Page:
- Execution. The completion, fulfillment, or perfecting of anything, or carrying it into operation and effect. The signing, sealing, and delivery of a deed. The signing and publication of a will. The performance of a contract according to its terms. In practice. The last stage of a suit, whereby possession is obtained of anything recovered. It is styled “final process,” and consists in putting the sentence of the law in force. 3 Bl. Comm. 412. The carrying into effect of the sentence or judgment of a court.
- Vendue. A sale; generally a sale at public auction; and more particularly a sale so made under authority of law, as by a constable, sheriff, tax collector, administrator, etc.
- Tenement. This term, in its vulgar acceptation, is only applied to houses and other buildings, but in its original, proper, and legal sense it signifies everything that may be holden, provided it be of a permanent nature, whether it be of a substantial and sensible, or of an unsubstantial, ideal, kind. Thus, liberum tenementum, frank tenement, or freehold, is applicable not only to lands and other solid objects, but also to offices, rents, commons, advowsons, franchises, peerages, etc. 2 Bl. Comm. 16. “Tenement” is a word of greater extent than “land,” including not only land, but rents, commons, and several other rights and interests issuing out of or concerning land. 1 Steph. Comm. 158, 159.
- Hereditaments. Things capable of being inherited, be it corporeal or incorporeal, real, personal, or mixed, and including not only lands and everything thereon, but also heir-looms, and certain furniture which, by custom, may descend to the heir together with the land. Co. Litt. 56; 2 Bl. Comm. 17. The two kinds of hereditaments are corporeal, which are tangible, (in fact, they mean the same thing as land,) and incorporeal, which are not tangible, and are the rights and profits annexed to or issuing out of land. Wharton.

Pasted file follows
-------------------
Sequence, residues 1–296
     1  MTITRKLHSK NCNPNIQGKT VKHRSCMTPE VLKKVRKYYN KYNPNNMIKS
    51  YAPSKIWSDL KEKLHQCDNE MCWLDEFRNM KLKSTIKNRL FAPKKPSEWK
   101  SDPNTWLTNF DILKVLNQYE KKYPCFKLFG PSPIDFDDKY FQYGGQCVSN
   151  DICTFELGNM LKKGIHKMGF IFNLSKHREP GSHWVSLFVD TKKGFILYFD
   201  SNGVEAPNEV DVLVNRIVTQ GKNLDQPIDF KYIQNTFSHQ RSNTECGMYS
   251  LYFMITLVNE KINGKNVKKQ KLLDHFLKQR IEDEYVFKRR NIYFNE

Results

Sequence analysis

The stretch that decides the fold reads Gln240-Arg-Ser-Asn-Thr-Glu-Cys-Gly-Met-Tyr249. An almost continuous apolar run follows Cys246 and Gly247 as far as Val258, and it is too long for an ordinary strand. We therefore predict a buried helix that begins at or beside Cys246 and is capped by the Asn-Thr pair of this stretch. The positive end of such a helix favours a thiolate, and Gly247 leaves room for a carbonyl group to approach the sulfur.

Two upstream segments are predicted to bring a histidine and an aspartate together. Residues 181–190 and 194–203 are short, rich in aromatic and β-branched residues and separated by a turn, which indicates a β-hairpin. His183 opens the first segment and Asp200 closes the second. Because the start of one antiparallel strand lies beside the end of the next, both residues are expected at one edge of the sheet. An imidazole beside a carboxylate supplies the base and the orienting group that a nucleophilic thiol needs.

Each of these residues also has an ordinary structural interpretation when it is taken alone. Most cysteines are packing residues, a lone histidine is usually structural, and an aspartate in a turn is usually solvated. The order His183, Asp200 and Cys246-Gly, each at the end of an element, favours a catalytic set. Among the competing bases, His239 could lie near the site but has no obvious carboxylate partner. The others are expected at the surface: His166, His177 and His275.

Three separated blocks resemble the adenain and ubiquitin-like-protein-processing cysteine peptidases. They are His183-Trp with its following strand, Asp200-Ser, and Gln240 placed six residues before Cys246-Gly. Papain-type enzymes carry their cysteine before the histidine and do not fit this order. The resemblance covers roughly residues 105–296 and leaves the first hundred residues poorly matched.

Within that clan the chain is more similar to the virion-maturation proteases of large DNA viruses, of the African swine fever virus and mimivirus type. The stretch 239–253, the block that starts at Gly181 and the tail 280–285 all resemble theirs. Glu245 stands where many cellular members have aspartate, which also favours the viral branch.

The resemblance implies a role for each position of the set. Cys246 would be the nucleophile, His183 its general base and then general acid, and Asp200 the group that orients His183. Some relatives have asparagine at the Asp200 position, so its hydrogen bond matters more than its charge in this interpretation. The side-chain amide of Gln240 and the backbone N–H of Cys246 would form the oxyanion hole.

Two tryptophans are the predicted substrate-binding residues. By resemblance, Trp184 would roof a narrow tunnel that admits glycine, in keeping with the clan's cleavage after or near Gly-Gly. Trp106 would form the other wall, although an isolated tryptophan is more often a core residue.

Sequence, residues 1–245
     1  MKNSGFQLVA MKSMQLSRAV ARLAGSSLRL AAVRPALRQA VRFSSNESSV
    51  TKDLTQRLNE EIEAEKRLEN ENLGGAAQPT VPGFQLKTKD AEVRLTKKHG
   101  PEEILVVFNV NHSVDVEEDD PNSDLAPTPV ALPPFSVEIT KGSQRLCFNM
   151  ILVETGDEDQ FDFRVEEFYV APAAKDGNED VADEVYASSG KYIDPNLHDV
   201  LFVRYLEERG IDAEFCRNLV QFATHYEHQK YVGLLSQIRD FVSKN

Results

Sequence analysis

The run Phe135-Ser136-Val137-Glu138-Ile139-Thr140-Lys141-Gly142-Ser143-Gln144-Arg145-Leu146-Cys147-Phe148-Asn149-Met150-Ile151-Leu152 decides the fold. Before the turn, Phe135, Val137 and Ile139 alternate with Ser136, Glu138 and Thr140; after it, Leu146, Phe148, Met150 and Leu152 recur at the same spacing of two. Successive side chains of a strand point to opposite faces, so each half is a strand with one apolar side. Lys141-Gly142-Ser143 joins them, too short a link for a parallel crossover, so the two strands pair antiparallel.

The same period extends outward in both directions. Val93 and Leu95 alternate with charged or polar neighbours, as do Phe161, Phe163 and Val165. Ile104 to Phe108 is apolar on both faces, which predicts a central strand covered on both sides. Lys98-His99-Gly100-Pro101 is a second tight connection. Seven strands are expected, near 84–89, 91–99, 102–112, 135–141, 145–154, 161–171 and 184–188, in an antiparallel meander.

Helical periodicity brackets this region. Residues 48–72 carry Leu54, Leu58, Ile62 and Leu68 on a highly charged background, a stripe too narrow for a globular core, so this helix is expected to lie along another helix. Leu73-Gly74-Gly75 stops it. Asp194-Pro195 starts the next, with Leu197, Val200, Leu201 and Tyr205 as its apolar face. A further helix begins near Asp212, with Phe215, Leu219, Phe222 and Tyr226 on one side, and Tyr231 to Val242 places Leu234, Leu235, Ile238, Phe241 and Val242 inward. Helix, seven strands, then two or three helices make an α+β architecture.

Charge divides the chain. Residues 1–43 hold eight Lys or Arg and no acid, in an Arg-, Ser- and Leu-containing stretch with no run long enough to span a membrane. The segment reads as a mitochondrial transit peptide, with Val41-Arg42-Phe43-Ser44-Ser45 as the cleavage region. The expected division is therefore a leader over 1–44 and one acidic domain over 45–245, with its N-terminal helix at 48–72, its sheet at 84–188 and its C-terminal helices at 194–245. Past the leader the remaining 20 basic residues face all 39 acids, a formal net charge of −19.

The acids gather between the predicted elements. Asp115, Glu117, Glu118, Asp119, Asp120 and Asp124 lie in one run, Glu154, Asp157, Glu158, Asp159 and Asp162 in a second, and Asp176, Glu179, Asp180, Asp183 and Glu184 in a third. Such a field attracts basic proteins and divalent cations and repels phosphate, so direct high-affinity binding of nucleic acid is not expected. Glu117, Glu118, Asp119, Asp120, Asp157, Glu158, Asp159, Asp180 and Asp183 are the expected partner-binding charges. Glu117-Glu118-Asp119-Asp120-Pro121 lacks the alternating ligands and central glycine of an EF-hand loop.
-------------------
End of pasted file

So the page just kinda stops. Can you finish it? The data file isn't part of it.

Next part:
- And, of course, I need to know the law that impacted my ancestor’s life – in this case: an Act of the General Assembly at their Session held at South Kingstown … October 1763 entitled “An Act for Regulating the Method of Assigning Real Estate Sold by Execution &c” – I referred to Bartlett’s Colonial Records of Rhode Island (vol. 6, p. 373) but it only reports:
- Public Acts Passed During the Year 1763 — [item 3] An Act for regulating the method of conveying and assessing real estates sold by execution, and for changing the form of the deed heretofore given and used by the Sheriffs (October). [a better source for the law might be the State Archives].
- The 150 acres were seized by the sheriff and sold in 1771, based on “suits” by John Alerton Jr and Joseph Carpenter. This implies there were some kind of mortgages or claims that I haven’t found yet. The loss of the land may explain why no deeds or probate seem to mark the end of John Andrews’ life, and with no vital record, there is no evidence of John’s death.
- In 1796, Phillip’s sons Christopher and Jesse sold the small remaining part of Lots 5 & 7 in the Mishnock Swamp. Christopher had already moved on to Pittstown, New York, and Jesse was a newlywed and was about to buy property on Main Street, East Greenwich, the following year.
- The mention of Ezekial Holliman as the original owner of one of the swamp lots is intriguing – more coming on that idea in the future.
Making a connection through the deeds